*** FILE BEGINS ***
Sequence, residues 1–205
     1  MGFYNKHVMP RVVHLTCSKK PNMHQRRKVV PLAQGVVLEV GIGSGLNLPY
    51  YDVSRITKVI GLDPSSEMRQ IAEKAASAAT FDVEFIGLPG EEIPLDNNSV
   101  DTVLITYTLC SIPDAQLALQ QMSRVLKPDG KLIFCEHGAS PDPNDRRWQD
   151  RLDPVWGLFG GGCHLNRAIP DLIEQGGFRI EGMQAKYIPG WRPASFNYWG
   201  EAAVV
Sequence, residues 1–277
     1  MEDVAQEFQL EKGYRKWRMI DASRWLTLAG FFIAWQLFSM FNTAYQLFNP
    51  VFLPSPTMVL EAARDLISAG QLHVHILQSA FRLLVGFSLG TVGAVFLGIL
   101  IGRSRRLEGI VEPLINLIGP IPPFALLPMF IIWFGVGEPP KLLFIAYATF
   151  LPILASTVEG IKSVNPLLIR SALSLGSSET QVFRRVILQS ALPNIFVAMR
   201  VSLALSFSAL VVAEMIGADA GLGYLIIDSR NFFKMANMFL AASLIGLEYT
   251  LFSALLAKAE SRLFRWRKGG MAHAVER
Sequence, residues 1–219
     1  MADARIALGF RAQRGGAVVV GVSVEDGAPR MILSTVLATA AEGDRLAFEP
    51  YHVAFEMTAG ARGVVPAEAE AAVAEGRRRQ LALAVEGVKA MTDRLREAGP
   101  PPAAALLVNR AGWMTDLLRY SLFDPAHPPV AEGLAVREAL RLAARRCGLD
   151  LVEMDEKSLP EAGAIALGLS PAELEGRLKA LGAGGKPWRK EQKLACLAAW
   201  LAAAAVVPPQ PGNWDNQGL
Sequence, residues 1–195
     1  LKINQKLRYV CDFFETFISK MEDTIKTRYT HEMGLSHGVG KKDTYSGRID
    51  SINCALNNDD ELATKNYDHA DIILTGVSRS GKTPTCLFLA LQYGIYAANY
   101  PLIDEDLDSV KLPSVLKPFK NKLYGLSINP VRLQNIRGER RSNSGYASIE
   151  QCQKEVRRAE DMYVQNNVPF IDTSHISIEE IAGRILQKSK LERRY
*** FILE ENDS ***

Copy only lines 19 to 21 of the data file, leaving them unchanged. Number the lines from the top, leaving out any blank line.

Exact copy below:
   201  LAAAAVVPPQ PGNWDNQGL
Sequence, residues 1–195
     1  LKINQKLRYV CDFFETFISK MEDTIKTRYT HEMGLSHGVG KKDTYSGRID